Could robots ever have feelings that we could hurt? Should we hold them responsible for their actions? Or would that just be a way to let humans off the hook? This week, we’re asking “Could Robots Be Persons?”
Would you like a robot to assist you with tasks around the home? What kinds of jobs would you be comfortable leaving a robot to do? Would you trust one to take care of your child or an elderly parent? This week's show is "The Social Lives of Robots."
I recently posed a puzzle about Kant's moral philosophy. The puzzle was this: if lying is always wrong, would it be wrong (according to Kant’s theory) to lie to a robot with speech technology who came to your door trying to locate innocent people who were hiding from a tyrannical government?
Many of you know by now that I’ve committed to presenting philosophical puzzles for the duration of the Corona crisis. This month's puzzle is somewhat sci-fi in nature, but not totally farfetched, as we’ll see. The motivating question is this: What should Kant say about lying to robots?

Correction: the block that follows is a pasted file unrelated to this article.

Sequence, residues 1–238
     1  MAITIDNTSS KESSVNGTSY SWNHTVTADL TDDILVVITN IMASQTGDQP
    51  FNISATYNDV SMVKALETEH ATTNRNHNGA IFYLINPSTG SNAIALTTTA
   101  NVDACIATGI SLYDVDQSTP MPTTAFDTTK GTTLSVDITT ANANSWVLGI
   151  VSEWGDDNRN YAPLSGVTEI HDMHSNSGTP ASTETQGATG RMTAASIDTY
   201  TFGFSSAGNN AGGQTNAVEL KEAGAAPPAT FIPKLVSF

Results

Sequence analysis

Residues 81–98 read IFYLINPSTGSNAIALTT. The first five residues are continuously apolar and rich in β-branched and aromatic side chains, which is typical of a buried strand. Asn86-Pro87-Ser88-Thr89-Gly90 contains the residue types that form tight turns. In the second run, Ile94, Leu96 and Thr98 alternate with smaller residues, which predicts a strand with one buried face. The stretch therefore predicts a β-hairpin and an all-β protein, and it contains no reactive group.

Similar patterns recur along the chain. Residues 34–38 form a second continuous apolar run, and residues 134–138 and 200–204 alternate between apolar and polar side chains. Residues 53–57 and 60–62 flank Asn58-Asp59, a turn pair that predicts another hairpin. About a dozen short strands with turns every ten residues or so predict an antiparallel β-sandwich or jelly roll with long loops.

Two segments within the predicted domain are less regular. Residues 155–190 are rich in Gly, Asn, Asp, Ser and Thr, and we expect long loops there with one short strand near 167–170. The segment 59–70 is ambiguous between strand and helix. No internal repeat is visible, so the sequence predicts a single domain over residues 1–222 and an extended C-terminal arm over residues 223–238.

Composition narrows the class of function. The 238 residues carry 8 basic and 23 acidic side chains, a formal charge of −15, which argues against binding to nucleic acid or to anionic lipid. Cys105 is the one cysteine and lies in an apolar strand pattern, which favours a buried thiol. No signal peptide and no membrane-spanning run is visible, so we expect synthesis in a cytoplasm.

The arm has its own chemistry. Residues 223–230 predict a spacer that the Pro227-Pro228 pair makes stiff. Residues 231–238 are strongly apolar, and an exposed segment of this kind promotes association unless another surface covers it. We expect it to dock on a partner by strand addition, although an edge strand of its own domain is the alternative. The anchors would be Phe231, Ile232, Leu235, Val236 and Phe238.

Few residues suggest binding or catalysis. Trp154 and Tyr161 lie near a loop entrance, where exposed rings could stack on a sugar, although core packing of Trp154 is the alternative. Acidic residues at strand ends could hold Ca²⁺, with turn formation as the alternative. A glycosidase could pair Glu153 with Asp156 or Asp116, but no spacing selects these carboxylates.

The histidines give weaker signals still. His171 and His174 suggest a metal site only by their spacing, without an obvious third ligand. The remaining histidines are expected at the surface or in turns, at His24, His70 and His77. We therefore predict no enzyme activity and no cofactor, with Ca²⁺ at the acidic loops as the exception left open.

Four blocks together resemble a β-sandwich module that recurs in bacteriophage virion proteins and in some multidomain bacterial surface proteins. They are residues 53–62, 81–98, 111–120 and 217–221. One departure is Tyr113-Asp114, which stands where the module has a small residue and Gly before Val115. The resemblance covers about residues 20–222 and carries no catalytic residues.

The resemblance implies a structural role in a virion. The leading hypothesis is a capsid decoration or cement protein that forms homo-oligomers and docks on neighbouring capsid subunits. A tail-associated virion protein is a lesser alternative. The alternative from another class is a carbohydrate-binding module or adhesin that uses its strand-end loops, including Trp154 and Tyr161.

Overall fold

Sci-fi thriller I Am Mother is due out on Netflix tomorrow. It's a fantastic philosophical movie that raises all kinds of philosophical questions about abortion, reproduction, enhancement, population policy, and especially about what it means to be a good mother.